Wednesday, December 29, 2010

2011 SB&F Prize Winners

CLCD President Marilyn Courtot once again served on the SB&F Prize committee. The following winners were recently announced.

Children's Science Picture Book
Magic School Bus and the Climate Challenge
Oh, that all students could have an imaginative science teacher like Ms. Frizzle! The Friz loads her students into a magical bus-plane which takes them on a tour of the world. They see first-hand the causes and results of global warming. Student notebook pages are interspersed throughout the text to show their understanding of these concepts. Whimsical illustrations throughout the book show the elements of global warming and the students’ reaction to these events on this tour. Questions and answers in the back of the book address what children have read. The text is age appropriate and the humor combined with scientific facts make reading this book fun and informative. Young readers and their parents will learn how to make actionable changes that will make a difference in global warming. Although this is a stand-alone topic, it is part of the “Magic School Bus” series. 2010, Scholastic Press, $16.99. Ages 7 to 10. Reviewer: Annie Laura Smith (Children's Literature).

Middle Grades Science Book
The Hive Detectives: Chronicle of a Honey Bee Catastrophe
In 2006, a commercial beekeeper lost all the bees in 400 hundred of his hives for a total of 20 million bees. To unravel the mystery, four respected scientists began an investigation to seek the cause of the bees’ disappearance. What follows for readers is the unraveling of a mystery to match any fictional whodunit. One by one, leads are followed and discarded, but despite many theories, this mystery has yet to be solved. The book also includes the work of amateur beekeeper Mary Duane and follows her to her hives to watch her care for her bees and learn the fascinating process of extracting honey from the hive, which the author calls “liquid gold.” Along the way, readers pick up information on the social structure of the hive, physical description and division of labor of its inhabitants, and the vital role of bees in the agricultural world. Faux notebook-style pages introduce each scientist as well as provide some hive and bee information. The accompany photos, in addition to being well composed, are dramatic and colorful. An extended appendix and comprehensive glossary and index round out this highly readable and worthy science book. 2010, Houghton, $18.00. Ages 10 to 14. Reviewer: Beverley Fahey (Children's Literature).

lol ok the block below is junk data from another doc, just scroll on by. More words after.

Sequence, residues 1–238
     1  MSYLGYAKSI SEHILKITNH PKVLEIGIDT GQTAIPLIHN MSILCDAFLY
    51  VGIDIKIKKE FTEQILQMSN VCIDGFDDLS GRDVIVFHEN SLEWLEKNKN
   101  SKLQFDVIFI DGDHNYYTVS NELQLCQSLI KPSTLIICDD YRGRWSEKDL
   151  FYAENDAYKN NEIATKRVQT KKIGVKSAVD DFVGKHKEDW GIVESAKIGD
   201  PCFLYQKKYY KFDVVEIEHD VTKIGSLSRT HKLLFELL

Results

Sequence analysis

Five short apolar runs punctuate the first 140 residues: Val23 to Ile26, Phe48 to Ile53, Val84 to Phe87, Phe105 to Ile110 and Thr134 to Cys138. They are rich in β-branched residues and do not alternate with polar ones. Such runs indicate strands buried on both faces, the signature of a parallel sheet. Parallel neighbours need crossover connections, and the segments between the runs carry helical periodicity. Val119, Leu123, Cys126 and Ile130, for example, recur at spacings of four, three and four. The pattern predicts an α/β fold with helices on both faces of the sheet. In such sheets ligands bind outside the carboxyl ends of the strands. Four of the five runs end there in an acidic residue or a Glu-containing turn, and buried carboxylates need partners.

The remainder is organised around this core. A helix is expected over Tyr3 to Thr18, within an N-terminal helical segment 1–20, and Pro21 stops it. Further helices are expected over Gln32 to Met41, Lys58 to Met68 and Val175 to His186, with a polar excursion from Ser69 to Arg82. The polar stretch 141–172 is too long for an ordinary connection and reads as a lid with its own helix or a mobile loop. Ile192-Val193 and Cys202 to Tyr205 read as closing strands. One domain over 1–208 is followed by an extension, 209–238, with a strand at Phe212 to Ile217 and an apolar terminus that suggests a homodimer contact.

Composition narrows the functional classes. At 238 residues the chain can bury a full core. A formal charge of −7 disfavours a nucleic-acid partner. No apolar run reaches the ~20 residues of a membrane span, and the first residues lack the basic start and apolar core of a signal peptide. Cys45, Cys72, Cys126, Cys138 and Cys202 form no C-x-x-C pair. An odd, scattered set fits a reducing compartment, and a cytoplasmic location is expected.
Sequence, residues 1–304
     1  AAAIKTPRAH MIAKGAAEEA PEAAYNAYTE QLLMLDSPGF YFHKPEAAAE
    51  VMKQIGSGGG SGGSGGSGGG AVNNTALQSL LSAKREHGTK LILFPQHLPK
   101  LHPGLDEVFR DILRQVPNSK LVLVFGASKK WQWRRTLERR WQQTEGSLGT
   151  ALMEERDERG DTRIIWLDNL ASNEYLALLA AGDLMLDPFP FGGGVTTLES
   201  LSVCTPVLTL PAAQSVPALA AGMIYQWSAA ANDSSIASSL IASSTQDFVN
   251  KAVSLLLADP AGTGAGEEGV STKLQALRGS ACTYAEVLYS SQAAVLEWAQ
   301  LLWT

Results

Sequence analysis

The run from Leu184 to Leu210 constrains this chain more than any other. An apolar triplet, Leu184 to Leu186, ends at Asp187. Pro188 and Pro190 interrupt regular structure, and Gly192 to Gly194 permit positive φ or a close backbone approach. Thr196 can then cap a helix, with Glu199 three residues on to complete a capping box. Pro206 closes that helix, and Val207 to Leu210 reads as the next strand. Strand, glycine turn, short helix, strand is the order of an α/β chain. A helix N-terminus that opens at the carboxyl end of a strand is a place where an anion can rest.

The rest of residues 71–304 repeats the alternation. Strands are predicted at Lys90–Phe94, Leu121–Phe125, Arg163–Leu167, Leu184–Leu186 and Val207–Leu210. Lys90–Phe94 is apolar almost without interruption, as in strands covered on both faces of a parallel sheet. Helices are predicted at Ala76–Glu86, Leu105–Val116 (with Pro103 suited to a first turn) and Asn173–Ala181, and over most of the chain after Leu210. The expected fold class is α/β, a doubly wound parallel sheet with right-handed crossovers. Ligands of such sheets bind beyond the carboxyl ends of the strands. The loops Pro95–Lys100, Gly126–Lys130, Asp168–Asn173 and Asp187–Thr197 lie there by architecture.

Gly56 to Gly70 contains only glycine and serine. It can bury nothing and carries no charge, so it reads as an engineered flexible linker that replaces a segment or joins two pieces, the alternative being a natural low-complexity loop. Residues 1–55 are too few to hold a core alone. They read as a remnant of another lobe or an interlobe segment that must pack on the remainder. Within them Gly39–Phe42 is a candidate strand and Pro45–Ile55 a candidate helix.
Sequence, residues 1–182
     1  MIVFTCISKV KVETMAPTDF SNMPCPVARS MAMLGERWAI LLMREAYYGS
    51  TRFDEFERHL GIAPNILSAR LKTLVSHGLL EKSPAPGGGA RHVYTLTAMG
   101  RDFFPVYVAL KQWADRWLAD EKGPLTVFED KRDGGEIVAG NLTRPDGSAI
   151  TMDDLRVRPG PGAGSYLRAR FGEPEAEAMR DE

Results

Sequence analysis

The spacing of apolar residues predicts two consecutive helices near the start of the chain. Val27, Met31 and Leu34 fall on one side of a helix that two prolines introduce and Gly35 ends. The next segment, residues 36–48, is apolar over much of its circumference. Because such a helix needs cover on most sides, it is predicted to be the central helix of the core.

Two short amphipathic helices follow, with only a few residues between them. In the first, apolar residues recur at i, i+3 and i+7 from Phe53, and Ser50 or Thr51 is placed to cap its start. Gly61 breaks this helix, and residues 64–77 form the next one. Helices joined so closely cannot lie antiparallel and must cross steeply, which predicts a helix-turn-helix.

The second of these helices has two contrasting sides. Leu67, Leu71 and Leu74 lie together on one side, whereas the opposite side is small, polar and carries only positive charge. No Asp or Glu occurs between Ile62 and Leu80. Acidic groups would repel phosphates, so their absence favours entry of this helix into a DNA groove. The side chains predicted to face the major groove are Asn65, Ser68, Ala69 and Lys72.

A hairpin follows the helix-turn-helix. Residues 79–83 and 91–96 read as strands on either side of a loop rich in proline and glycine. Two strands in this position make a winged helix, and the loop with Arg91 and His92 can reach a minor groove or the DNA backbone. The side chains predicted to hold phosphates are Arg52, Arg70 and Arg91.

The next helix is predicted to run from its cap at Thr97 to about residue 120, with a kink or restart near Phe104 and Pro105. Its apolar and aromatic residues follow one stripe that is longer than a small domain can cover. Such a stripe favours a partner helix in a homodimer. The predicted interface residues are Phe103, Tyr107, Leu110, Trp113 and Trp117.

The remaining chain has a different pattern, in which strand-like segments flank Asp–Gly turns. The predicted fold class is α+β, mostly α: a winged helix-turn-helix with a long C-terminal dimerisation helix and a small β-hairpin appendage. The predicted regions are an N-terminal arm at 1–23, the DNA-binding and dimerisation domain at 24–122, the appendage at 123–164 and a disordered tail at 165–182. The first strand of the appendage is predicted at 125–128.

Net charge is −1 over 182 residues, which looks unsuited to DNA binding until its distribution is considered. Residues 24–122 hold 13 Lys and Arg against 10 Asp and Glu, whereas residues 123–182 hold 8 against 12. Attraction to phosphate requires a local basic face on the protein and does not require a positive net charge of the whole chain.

Young Adult Science Book
The Immortal Life of Henrietta Lacks
Science journalist Skloot makes a remarkable debut with this multilayered story about “faith, science, journalism, and grace.” It is also a tale of medical wonders and medical arrogance, racism, poverty and the bond that grows, sometimes painfully, between two very different women—Skloot and Deborah Lacks—sharing an obsession to learn about Deborah’s mother, Henrietta, and her magical, immortal cells. Henrietta Lacks was a 31-year-old black mother of five in Baltimore when she died of cervical cancer in 1951. Without her knowledge, doctors treating her at Johns Hopkins took tissue samples from her cervix for research. They spawned the first viable, indeed miraculously productive, cell line—known as HeLa. These cells have aided in medical discoveries from the polio vaccine to AIDS treatments. What Skloot so poignantly portrays is the devastating impact Henrietta’s death and the eventual importance of her cells had on her husband and children. Skloot’s portraits of Deborah, her father and brothers are so vibrant and immediate they recall Adrian Nicole LeBlanc’s Random Family. Writing in plain, clear prose, Skloot avoids melodrama and makes no judgments. Letting people and events speak for themselves, Skloot tells a rich, resonant tale of modern science, the wonders it can perform and how easily it can exploit society’s most vulnerable people. Review from Publishers Weekly